Explore New Orleans Plantation Country along the Great River Road

by Aug 27, 2020Louisiana

Oak Alley Plantation Oaks And Mansion Entrance In New Orleans Plantation Country

​Nowhere is the diverse history, cuisine, ecosystem, and culture of the southern Louisiana region more evident than in New Orleans Plantation Country. Explore the corridor along the Great River Road following the Mississippi River. There, discover wild bayous, vast plantation gardens, luxurious mansions, stories of folklore and slavery, and innumerable culinary delights.

In New Orleans Plantation Country, you can immerse yourself in a rich and diverse cultural experience. The plantations themselves provide a tangible connection to a past that is both beautiful and ugly. While one understandably marvels at the picturesque antebellum mansions with glorious plantation gardens, one should also never forget that each was built with the blood and sweat of slaves. Slavery and the development of plantations in the region are two stories that are inextricably intertwined.

But, as we also discovered, plantations are only part of the experience along the Mississippi’s Great River Road. Louisiana’s River Parishes area is also famous for its ecosystem, agriculture, history and cuisine, plus the multinational influences that served to turn plantation country into a culinary melting pot. Think swamps and swamp tours, lakes and waterfront dining, the mighty Mississippi’s banks to walk, and delicious Creole and Cajun food like andouille, jambalaya and gumbo.

Discover the plantations of New Orleans Plantation Country

In touring the plantations, it is important to remember that for all but one of the historic plantations along and near the Mississippi’s Great River Road, the stories you will hear primarily revolve around the “big house” or mansion. To what degree the script weaves in the lives and stories of slaves who suffered and died to keep the rich residents of the mansions comfortable depends on the plantation. Notably, only one plantation completely flips the script, ignoring the mansion, and focusing its story entirely on the lives of the slaves who once lived there – Whitney Plantation.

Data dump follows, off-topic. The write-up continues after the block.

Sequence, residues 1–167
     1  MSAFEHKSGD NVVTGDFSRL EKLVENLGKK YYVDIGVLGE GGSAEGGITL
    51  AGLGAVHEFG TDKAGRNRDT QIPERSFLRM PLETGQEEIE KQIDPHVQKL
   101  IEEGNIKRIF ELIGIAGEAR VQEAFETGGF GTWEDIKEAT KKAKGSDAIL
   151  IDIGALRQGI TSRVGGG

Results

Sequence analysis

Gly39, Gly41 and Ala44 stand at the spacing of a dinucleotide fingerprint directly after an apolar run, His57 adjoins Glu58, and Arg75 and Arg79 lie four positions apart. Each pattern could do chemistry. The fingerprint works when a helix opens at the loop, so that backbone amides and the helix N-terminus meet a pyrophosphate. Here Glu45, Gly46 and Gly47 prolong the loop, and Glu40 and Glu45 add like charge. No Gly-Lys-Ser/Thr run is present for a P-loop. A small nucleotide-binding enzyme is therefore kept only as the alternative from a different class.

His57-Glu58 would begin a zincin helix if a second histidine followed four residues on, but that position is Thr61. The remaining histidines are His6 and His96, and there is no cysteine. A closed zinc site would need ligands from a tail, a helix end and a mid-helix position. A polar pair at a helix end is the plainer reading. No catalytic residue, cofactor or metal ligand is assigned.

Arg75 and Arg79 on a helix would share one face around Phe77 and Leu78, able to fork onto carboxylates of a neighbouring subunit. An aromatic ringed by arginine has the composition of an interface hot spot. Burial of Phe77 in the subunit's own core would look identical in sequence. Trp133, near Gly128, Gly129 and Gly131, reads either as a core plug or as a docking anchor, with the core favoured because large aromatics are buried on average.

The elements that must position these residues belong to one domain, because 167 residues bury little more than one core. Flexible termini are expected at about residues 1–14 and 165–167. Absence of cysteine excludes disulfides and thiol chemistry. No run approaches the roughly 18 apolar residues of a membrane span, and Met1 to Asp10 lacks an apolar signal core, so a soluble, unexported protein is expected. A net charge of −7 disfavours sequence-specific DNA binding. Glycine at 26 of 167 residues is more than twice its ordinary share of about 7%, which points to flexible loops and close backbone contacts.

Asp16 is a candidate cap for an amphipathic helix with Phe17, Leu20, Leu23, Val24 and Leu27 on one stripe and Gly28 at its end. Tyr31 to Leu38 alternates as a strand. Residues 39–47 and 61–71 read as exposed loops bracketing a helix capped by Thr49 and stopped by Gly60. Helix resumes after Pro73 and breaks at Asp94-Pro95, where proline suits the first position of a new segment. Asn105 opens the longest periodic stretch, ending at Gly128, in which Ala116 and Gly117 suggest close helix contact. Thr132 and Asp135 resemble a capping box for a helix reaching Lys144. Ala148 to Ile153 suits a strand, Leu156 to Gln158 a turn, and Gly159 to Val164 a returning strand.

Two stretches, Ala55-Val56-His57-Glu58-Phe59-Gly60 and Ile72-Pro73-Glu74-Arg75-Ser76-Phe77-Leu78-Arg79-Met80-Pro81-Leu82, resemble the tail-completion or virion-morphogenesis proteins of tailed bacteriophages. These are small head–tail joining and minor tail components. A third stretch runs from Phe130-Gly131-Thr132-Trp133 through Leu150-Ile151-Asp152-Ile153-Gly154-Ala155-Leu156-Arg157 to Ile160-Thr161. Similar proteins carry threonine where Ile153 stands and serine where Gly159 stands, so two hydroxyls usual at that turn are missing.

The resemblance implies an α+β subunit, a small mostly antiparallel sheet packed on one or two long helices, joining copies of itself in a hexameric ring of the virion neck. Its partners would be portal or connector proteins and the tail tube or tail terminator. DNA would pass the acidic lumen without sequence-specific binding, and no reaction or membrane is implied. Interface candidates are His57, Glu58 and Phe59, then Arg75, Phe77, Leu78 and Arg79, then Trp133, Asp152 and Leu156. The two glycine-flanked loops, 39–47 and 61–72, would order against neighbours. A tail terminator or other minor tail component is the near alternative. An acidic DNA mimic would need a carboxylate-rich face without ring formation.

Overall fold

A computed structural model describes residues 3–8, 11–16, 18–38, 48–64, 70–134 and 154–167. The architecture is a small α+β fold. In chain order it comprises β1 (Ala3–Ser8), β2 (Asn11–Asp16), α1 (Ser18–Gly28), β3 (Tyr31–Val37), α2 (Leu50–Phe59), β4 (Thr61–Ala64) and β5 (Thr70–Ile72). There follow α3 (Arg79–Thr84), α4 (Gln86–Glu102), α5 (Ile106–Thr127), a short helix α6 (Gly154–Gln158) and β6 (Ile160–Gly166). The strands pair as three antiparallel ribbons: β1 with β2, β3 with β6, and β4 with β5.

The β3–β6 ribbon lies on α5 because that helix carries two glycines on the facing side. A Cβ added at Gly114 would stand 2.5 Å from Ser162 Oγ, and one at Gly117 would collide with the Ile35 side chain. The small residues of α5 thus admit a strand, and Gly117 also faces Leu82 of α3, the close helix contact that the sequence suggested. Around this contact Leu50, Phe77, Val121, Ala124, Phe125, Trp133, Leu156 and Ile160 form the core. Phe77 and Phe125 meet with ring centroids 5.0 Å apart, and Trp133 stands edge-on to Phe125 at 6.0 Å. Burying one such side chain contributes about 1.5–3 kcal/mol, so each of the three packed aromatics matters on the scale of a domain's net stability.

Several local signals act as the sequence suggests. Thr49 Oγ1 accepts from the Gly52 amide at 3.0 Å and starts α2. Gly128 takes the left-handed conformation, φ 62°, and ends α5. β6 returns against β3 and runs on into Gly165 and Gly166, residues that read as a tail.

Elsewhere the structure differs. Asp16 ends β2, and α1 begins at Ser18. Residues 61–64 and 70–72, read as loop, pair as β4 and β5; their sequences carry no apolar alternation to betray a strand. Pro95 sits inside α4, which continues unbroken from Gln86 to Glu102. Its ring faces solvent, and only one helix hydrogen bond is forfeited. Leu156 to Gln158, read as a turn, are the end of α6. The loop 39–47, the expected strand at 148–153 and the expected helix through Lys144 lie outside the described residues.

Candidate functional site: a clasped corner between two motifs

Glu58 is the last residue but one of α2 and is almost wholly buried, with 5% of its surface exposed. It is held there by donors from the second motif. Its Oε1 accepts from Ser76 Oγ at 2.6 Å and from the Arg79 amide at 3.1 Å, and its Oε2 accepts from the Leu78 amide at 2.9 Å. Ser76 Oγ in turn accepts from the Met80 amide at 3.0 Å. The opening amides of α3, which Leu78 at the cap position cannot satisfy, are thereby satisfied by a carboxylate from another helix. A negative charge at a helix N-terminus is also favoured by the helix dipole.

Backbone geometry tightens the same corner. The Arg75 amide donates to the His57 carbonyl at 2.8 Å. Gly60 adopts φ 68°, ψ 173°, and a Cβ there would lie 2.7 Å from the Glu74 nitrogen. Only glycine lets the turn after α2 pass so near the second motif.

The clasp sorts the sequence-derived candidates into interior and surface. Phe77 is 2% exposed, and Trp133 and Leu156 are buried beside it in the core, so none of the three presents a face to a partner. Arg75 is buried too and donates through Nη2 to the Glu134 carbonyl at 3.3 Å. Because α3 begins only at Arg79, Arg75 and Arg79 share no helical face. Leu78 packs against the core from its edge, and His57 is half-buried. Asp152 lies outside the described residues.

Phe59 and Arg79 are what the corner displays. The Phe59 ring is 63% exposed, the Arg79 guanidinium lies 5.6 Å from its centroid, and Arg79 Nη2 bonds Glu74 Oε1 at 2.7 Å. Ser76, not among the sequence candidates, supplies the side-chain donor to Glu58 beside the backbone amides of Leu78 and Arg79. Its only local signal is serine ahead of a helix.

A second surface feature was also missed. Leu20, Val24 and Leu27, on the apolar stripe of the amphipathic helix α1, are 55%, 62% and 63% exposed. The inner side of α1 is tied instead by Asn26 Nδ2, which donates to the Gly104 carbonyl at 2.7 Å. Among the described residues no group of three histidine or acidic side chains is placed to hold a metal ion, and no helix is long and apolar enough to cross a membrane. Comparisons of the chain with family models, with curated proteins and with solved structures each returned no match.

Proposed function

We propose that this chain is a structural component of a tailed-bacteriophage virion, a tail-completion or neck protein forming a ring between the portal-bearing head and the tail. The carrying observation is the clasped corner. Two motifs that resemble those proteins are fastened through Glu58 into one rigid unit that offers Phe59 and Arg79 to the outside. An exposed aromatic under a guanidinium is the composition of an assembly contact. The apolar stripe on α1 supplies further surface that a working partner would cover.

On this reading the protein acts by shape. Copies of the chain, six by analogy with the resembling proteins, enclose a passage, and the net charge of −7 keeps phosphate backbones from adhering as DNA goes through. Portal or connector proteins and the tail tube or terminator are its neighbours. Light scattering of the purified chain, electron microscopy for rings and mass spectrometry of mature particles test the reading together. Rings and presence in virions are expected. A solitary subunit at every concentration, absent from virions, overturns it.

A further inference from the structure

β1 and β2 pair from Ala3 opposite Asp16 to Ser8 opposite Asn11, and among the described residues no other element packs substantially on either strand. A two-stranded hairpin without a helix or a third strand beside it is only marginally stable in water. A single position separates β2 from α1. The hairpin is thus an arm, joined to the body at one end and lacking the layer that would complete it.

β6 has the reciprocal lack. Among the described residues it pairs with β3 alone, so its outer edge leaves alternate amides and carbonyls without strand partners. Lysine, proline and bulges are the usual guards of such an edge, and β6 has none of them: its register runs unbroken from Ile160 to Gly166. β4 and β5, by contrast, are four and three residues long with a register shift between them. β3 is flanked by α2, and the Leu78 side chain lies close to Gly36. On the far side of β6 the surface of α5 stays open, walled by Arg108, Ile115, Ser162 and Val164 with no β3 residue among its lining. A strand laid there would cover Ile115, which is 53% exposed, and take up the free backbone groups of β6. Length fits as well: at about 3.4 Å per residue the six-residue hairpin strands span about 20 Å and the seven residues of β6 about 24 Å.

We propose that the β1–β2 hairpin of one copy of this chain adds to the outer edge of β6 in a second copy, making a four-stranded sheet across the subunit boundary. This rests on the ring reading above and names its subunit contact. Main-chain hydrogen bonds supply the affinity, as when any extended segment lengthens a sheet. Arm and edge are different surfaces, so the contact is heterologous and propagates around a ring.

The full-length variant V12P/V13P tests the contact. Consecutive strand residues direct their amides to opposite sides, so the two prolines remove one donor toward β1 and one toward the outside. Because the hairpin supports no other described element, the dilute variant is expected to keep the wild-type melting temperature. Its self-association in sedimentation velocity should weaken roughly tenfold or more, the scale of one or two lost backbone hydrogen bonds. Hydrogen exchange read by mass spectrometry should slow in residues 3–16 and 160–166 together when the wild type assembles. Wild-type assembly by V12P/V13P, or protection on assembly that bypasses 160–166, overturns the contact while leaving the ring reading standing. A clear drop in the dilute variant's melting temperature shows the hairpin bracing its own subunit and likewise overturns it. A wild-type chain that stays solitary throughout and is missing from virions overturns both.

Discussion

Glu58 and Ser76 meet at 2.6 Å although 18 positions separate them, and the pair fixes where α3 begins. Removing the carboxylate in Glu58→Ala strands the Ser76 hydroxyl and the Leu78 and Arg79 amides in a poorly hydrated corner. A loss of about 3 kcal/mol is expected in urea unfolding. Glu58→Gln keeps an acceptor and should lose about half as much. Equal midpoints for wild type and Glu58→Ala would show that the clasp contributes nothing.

Houmas House and Gardens

Houmas House Night Reflection

The Houmas House Plantation was at one time the largest producer of sugar cane in the country and as such, a very grand estate. The mansion has been restored to its antebellum era glory. Giant moss-covered oaks shade paths that wind through lush gardens and past spectacular water features – the landscaping covers 38 acres. Visitors come here for the tranquil grounds, magnificent architecture, rare and period artwork and artifacts, and delicious food (the restaurants on site are award-winning). If you want to hear about slavery, though, this is not the place to visit.

Tours are offered regularly, and our tour guide, dressed in period costume, told stories of the sugar barons and their families who once called this place home as we wandered through the mansion’s luxuriously decorated rooms. The Houmas House and Gardens also offer lodging, which I recommend (if it’s within your budget), since that allows you the after-hours chance to wander the grounds, listening to the fountains, and enjoying your own personal Garden of Eden.

You’ll also want to visit the new Great River Road Museum, which opened in August 2020. The museum specifically highlights life on the Mississippi, the commerce, the music and the folklore, and there are all sorts of exhibits about steamboats. We had a chance to tour the museum with Houmas owner Kevin Kelly while it was still under construction, and it was, like the rest of the property, quite impressive and detailed.

Destrehan Plantation

Slave Marguerite Inside Destrehan Plantation In Plantation Count